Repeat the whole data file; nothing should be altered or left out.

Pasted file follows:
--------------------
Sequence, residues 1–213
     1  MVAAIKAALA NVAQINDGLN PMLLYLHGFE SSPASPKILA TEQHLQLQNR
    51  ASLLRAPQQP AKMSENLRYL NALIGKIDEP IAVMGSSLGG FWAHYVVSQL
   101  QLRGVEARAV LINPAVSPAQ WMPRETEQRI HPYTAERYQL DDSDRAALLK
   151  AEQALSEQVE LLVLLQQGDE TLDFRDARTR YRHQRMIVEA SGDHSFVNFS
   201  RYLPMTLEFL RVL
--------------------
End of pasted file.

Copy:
Sequence, residues 1–213
     1  MVAAIKAALA NVAQINDGLN PMLLYLHGFE SSPASPKILA TEQHLQLQNR
    51  ASLLRAPQQP AKMSENLRYL NALIGKIDEP IAVMGSSLGG FWAHYVVSQL
   101  QLRGVEARAV LINPAVSPAQ WMPRETEQRI HPYTAERYQL DDSDRAALLK
   151  AEQALSEQVE LLVLLQQGDE TLDFRDARTR YRHQRMIVEA SGDHSFVNFS
   201  RYLPMTLEFL RVL